There is no reliable record of the appearance of Grosvenor House when Porden had finished with it in 1808. Though well over £16,000 was spent, the only major change to the outside of the house was the addition of a bow towards the garden (Plate 18a). Most of the work, in fact, was interior and decorative, since the house was intended to show off Lord Grosvenor's collection of pictures to best advantage, and Porden prided himself on his particular taste and care in such matters. There was inevitable (and instructive) friction with the upholsterer, Gillow, who was often consulted by Lord Grosvenor, doubtless because he was less independentminded than Porden. Disagreeing with Gillow about the colour of a dado, which he wanted 'sattin wood' in tone and Gillow a more dashing pink and white, Porden could damningly say of his opponent, 'in his own province, he is only governed by fashion'. (fn. 20) In the end, all turned out tor the best; when Grosvenor House was thrown open in 1808, the results earned for Porden society's accolade. The Times was at its most orotund: 'Never do we recollect to have seen a more judicious and pleasing application of classical enrichments to domiciliary character and accommodation.' (fn. 21) There was, however, an argument about Porden's fee. Still, in 1817 Porden was again chosen as architect to add a gallery to accommodate Lord Grosvenor's growing picture collection.
The places where Porden significantly influenced the appearance of the rest of the Mayfair estate were few. Unlike later surveyors, he does not seem to have required plans for new houses or alterations to old ones to be submitted to him, nor did he solicit employment on the estate as a private architect. In the early years of his tenure relatively few leases were falling in, so his opportunities to assert himself architecturally or to promote a coherent policy for improvements were small. But one example of a notion of Porden's eventually bearing fruit was the reconstruction of King's Row (Nos. 93–99 consec. Park Lane), by the Grosvenor Gate into Hyde Park. As early as 1791 he saw that the jumbled appearance of Park Lane could be improved in places. He therefore persuaded Lord Grosvenor not to renew leases in King's Row so that in due course better houses could be built there. In 1808 Porden once more counselled against premature renewals, but it was not until 1823–8, after his death, that most of the range was rebuilt. Though the designs adopted were not uniform, Nos. 93–99 Park Lane remain one of the estate's most charming and individual ranges (Plate 19a). The only architect known to have been involved, John Goldicutt at Nos. 98 and 99, certainly did not have overall control. Yet somehow, since the plots were very shallow, the promoters all took up the idea suggested by the backs of houses fronting Norfolk (now Dunraven) Street higher up and Park Street lower down the lane, and canted out the new façades with a delightful set of bays, bows, iron balconies and verandas (Plate 19; fig. 10). This conception of backs turning into fronts was the vital factor in transforming Park Lane into a thoroughly fashionable address. Up and down the park frontage, bigger and better bays started to sprout on existing houses, while beyond the estate the reverberations reached Tyburnia.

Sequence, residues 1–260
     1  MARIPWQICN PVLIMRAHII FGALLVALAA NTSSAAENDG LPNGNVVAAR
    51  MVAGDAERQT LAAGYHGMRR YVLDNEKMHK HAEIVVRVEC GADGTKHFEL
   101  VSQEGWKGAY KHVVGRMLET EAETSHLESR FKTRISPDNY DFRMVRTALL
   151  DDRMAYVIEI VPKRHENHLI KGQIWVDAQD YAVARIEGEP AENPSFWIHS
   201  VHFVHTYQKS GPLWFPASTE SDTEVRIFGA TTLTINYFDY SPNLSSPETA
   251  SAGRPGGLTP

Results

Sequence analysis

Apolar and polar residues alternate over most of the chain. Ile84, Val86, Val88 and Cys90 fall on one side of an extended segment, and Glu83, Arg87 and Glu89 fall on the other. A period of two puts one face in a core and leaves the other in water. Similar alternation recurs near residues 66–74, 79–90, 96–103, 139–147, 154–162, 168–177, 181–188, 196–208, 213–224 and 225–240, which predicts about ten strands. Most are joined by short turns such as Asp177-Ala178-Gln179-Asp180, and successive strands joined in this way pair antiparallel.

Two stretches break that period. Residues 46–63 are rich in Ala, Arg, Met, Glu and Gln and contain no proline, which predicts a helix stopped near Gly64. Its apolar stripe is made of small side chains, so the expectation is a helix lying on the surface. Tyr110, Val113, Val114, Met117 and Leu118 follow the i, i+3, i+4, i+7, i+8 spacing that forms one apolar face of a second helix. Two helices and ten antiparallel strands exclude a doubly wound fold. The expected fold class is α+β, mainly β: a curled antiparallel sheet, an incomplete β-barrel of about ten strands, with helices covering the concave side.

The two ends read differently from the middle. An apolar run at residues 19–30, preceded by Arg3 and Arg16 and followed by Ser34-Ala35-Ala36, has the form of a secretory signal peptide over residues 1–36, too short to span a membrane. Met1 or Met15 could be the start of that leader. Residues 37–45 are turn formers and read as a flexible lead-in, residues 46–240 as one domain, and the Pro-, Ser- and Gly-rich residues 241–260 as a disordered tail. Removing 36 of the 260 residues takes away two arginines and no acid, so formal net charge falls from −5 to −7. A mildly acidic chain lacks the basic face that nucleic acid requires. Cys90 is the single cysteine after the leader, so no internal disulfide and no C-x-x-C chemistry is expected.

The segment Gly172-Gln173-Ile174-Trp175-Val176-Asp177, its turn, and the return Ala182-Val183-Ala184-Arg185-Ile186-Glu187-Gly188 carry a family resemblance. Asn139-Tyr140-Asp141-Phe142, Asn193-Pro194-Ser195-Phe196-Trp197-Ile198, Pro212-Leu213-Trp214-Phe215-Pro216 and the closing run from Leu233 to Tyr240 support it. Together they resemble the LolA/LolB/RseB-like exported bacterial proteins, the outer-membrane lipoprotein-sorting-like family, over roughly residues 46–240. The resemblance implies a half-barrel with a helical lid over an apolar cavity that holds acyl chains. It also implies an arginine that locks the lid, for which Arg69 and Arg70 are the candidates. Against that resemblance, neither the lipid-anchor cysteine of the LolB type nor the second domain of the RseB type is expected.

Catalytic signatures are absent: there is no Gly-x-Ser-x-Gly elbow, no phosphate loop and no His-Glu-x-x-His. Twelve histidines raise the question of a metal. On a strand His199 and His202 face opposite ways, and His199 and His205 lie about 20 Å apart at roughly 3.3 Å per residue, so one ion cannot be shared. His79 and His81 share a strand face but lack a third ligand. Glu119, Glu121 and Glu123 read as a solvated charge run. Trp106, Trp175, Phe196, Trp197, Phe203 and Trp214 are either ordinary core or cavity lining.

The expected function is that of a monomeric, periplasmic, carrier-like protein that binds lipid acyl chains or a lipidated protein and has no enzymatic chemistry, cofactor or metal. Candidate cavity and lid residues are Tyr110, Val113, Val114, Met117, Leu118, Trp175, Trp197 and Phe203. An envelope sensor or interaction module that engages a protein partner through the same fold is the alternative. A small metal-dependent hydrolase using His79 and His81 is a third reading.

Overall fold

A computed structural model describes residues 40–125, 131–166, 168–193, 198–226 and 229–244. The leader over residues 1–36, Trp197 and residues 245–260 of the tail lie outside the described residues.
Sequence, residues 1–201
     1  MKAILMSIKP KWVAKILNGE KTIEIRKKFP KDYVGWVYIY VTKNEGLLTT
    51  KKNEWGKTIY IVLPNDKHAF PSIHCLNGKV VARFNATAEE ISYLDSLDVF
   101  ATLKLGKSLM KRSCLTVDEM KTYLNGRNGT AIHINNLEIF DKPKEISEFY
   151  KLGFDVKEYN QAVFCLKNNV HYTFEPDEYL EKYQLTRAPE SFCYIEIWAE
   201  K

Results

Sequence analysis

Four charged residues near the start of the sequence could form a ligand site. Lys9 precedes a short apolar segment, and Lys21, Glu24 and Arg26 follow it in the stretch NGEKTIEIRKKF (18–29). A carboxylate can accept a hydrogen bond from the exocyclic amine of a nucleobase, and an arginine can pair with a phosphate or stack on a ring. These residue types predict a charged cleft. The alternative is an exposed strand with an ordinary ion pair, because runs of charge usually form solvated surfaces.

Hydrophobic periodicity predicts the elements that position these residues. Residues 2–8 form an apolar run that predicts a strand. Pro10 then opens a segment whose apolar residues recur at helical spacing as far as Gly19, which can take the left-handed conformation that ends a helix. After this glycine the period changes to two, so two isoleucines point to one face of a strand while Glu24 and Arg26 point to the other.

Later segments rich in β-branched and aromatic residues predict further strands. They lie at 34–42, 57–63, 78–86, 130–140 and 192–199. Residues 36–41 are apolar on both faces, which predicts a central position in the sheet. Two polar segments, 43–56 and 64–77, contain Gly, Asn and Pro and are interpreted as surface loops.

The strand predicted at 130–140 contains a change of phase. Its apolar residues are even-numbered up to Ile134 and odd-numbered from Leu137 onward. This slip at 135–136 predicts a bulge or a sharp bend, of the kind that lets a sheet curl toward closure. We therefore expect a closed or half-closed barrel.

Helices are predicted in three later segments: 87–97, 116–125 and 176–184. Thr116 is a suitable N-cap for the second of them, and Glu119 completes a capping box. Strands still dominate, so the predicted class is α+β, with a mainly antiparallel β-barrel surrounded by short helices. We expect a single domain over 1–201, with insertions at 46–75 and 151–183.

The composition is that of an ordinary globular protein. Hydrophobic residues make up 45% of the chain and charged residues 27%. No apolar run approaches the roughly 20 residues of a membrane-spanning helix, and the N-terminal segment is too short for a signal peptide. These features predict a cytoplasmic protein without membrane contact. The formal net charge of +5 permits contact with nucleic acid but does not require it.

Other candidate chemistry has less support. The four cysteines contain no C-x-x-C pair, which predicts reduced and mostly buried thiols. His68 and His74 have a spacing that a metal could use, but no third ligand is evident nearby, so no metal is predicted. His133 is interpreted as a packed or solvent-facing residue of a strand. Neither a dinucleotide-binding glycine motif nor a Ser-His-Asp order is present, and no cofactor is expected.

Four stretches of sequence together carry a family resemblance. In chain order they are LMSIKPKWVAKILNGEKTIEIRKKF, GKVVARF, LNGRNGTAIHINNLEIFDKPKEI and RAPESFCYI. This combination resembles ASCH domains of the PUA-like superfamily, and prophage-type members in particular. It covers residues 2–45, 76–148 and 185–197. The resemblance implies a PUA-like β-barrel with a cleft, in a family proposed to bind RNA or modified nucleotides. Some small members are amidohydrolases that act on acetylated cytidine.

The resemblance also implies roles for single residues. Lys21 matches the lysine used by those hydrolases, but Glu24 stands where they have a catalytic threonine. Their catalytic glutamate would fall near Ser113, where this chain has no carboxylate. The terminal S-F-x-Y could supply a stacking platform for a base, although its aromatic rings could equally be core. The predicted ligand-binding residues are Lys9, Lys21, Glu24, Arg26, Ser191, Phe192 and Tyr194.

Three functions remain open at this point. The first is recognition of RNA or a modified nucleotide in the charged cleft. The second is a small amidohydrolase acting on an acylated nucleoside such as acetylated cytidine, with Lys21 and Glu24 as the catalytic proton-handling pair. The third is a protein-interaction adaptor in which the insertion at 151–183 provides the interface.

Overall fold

In his last years as surveyor, Porden was sometimes represented at the Grosvenor Board by his son-in-law, Joseph Kay. (fn. 22) He retired in 1821, shortly before his death. By then the emphasis of Grosvenor estate development had shifted to Belgravia, the main sphere of activity of his successors, the Cundys. From their tenure of the surveyorship, a new phase in the character of the Mayfair estate may be dated.